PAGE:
1 of 1 people found the following review helpful
The human condition explained by an entirely un-human entity,
By A Customer
This review is from: Solaris (Paperback)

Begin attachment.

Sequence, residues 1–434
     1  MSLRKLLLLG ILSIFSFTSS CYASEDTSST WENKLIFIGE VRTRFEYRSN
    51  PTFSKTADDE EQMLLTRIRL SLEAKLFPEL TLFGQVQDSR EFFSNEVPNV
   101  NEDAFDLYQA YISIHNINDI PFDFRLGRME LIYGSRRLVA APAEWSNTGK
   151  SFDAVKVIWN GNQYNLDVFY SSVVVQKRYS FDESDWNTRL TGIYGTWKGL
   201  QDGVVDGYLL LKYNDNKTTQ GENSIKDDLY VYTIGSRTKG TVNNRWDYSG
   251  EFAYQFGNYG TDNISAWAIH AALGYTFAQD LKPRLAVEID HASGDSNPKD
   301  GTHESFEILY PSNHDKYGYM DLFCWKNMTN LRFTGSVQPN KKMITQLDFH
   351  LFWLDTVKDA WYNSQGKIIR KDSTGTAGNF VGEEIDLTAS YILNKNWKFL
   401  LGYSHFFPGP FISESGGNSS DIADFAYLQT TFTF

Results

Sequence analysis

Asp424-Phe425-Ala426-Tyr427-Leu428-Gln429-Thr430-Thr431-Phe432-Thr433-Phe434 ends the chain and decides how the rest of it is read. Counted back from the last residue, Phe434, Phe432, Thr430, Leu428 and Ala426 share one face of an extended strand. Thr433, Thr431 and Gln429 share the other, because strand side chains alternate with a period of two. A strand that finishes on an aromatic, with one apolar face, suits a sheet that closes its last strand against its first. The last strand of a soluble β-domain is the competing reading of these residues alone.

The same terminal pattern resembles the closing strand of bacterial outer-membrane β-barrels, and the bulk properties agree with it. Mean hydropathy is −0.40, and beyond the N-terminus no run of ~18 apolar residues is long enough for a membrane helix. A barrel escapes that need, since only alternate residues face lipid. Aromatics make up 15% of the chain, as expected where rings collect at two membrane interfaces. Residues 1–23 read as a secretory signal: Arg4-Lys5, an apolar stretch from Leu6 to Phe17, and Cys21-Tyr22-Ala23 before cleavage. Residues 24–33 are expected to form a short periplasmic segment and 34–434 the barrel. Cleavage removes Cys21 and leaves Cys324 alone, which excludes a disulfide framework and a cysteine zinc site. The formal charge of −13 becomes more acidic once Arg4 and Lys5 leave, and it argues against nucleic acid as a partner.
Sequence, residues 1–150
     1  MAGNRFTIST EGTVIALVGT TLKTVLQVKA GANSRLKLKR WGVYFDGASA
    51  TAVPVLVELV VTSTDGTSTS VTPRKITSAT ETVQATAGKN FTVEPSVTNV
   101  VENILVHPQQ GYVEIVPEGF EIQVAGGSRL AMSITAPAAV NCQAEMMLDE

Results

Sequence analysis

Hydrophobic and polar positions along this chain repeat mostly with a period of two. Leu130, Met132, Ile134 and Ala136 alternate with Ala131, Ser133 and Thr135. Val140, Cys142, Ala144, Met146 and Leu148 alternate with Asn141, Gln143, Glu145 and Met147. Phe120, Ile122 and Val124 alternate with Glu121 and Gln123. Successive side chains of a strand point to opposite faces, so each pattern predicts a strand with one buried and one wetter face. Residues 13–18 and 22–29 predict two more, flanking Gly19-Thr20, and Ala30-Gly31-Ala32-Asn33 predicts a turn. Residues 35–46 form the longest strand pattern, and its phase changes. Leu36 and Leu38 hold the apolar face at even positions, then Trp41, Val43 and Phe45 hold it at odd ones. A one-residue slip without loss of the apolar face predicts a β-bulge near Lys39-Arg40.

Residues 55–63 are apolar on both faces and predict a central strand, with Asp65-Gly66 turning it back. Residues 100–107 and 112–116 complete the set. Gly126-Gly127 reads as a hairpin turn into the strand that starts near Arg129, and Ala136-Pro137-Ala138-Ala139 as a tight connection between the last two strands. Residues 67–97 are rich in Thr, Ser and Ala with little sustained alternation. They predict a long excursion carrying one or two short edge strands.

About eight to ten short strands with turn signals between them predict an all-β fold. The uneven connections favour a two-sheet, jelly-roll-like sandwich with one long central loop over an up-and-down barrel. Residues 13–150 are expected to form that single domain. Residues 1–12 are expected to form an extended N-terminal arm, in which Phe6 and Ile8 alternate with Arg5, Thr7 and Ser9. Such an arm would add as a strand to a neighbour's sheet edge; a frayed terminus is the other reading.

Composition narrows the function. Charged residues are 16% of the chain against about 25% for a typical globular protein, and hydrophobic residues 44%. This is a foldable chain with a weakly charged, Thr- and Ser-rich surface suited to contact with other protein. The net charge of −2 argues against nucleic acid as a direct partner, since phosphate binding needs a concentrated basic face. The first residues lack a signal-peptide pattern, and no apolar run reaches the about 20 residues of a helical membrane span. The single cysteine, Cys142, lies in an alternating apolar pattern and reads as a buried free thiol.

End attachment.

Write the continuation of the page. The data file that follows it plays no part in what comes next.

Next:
Where to begin. As the first book I've ever read by Stanislaw Lem, it took me a bit to get into his style. Once I did, I was captivated. I couldn't get enough. Solaris, in brief, is the story of an astronaut (Kris Kelvin) who arrives on a space station orbiting Solaris, a world orbiting a binary star which has been of much interest to the scientific community over the last hundred years. Immediately upon landing, he discovers a friend (Gibarian) who had been the commander of the expedition, has died under mysterious circumstances. The man to deliver this information is the shady Dr. Snow, who babbles incoherently about "visions" before calming down and speaking lucidly. It's not too long before Kris finds himself seeing "visions," and to tell you anything else would be to spoil the story. Aside from a rip-snorting plot, the laborious attention to detail only enhances the story. The words create a perfect picture in your mind, and every person I've talked to who's read this novel has had more or less the same impression of the station. It has a too-large quality, as if there ought to be more than simply three people on it. This only adds to the suspense. The explorations of the planet's surface itself are fascinating scientific descriptions of formations the ocean creates. The grand "floral calyx stage" is incomprehensible to the human mind, yet Lem can describe it in sparkling clarity. The story also contains much human emotion. Kris is dealing with the suicide of his wife, which he blames on himself. Snow is half mad with "visions," and Sartorius, a third scientist, has locked himself in his lab, with only the odd sound escaping. As Kris strives to understand this colossal mind orbiting beneath him on the planet, he is unconsciously attacking his own brain, racking it for clues as to what he is really feeling. Thought provoking and ultimately tragic, Solaris is a classic from beginning to end. The only problem is the double-translation (Polish-French-English) which is at times clunky. This, however, is a minor complaint against a grand piece of literature.